The Social Science Research Council (SSRC) is proud to announce that Laura Stilwell of Duke University has been selected as the 2022 recipient of the Charles E. Lindblom Memorial Fellowship. Stilwell’s fellowship project will investigate the “Impact of an Unconditional Cash Gift on Low-Income Families’ Housing Ecosystems and Their Mediating Role in Child Development.”
The Charles E. Lindblom Fellowship is an annual prize open exclusively to PhD candidates enrolled at one of the SSRC College and University Fund for the Social Sciences’ higher education partners. The 2022 Lindblom Fellowship invited proposals for interdisciplinary social science projects that evaluate interventions to reduce inequality around the world, including interventions by public, nonprofit, and private organizations.
2022 Lindblom fellow Laura Stilwell is a MD/PhD student in public policy at Duke University. Her research broadly explores household decision-making with respect to child investments and the impact of policies and programs on child health and well-being, with a particular focus on topics related to housing and child maltreatment. Her work has been published in Academic Pediatrics and she has earned several research awards, including the Gertrude B. Elion Mentored Medical Student Research Award.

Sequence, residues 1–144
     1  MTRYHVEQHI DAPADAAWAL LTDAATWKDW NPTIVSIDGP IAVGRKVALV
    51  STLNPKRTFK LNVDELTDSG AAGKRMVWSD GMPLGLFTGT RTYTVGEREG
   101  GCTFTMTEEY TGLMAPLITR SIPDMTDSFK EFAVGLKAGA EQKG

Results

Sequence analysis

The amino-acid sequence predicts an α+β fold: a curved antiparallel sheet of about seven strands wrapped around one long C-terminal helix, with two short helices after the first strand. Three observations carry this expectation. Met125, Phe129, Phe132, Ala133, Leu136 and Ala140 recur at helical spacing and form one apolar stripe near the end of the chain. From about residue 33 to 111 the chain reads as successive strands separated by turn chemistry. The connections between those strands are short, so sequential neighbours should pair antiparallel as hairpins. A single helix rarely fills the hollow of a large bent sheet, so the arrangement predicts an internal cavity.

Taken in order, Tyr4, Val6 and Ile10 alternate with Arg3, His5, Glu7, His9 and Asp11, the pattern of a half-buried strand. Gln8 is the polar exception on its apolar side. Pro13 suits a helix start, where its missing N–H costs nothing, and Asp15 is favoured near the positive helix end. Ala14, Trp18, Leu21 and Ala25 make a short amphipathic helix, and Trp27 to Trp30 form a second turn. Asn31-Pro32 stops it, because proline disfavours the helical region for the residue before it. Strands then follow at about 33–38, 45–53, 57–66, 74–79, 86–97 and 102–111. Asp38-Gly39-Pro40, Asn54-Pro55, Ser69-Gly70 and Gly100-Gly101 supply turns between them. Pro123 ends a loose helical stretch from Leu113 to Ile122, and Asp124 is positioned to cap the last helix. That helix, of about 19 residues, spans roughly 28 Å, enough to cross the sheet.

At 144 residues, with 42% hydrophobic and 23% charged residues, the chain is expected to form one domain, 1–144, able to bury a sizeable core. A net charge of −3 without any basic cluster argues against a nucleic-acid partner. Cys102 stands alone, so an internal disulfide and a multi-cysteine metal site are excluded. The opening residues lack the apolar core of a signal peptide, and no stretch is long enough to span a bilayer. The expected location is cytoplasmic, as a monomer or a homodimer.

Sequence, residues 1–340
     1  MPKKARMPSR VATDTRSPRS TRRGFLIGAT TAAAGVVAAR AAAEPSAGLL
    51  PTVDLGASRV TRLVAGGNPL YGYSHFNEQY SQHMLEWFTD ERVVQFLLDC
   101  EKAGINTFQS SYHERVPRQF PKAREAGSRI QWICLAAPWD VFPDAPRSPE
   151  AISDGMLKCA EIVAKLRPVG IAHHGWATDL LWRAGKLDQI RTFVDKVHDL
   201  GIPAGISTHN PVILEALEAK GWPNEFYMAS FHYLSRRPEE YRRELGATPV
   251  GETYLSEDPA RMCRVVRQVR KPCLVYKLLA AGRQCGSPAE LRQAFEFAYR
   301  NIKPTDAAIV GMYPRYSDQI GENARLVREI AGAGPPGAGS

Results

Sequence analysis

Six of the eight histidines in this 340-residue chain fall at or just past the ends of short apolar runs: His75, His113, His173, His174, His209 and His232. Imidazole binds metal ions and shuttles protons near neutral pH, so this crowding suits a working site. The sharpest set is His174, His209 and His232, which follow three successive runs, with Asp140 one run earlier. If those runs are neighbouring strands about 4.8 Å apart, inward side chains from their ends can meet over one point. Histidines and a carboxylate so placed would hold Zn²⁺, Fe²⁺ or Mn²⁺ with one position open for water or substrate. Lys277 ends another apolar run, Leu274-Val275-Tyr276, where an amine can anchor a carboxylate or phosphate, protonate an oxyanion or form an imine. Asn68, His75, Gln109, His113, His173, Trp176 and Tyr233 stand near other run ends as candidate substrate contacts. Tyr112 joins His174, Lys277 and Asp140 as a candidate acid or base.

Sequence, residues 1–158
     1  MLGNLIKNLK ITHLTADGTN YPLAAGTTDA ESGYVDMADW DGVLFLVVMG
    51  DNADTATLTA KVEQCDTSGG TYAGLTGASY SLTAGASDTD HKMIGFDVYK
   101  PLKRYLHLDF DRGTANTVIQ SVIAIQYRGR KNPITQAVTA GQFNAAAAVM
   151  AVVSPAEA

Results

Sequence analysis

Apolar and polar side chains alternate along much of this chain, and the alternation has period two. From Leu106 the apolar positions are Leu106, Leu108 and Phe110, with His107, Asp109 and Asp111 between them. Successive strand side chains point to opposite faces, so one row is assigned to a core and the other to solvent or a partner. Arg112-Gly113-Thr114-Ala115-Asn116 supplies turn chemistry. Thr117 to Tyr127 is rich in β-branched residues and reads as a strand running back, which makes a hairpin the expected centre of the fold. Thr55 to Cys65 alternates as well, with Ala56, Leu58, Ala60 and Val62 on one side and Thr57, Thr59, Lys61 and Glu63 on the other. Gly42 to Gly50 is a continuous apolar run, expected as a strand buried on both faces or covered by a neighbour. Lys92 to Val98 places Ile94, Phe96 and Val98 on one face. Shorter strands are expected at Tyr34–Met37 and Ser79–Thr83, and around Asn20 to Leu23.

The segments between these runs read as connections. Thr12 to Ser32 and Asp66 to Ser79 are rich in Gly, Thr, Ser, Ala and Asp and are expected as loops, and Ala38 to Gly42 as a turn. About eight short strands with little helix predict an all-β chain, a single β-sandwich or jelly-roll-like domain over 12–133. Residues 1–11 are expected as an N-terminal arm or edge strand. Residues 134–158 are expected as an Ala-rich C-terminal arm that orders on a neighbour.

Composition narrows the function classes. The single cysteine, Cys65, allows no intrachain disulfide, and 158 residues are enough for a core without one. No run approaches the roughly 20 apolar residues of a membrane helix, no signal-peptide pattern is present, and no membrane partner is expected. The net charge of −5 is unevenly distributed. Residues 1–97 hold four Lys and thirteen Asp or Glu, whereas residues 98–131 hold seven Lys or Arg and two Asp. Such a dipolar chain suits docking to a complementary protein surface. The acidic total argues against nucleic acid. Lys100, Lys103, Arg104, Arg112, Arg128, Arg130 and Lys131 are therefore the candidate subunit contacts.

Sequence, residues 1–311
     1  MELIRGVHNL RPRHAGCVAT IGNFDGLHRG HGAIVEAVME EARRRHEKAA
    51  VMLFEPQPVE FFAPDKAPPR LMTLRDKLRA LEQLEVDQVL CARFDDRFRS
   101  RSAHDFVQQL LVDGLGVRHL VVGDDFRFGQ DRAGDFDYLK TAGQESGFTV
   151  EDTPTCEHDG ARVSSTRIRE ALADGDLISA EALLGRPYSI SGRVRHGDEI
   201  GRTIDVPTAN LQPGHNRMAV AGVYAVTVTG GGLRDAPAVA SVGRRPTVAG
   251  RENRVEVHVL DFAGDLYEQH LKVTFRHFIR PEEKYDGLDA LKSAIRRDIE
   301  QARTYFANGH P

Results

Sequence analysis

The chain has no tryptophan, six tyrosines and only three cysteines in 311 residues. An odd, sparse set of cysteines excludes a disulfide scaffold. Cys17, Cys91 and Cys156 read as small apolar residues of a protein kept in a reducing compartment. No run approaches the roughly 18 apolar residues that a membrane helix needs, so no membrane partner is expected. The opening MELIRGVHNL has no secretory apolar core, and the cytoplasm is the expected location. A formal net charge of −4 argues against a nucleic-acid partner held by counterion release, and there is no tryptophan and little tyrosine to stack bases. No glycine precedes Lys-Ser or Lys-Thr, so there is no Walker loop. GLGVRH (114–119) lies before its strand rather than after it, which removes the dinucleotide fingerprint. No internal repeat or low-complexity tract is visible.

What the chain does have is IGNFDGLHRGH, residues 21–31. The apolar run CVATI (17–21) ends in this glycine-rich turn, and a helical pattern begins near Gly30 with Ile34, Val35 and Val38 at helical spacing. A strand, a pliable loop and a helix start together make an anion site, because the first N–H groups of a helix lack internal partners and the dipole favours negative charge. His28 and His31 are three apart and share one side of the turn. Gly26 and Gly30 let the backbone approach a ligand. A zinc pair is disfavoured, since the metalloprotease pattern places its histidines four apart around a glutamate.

For her dissertation, supported by the Lindblom Memorial Fellowship, Stilwell will focus on evaluating the impact of an unconditional, monthly cash transfer to low-income families on housing affordability, stability, and quality, as well as investigate the mediating role of these housing outcomes on young children’s physical health and development.
Funded by a generous donation from former SSRC fellow Dr. T. Y. Shen, the Charles E. Lindblom Memorial Fellowship was established in recognition of the deep and lasting impact that Professor Charles Lindblom (1917-2018) had on generations of students and colleagues in his time as the Sterling Professor of Political Science and Economics at Yale University. The inaugural Lindblom Fellowship was awarded in 2021 to Gabriela Kirk for her project entitled, “Can Electronic Monitoring Fix Mass Incarceration? Understanding the Role of Electronic Monitoring in Local Policy Reform.”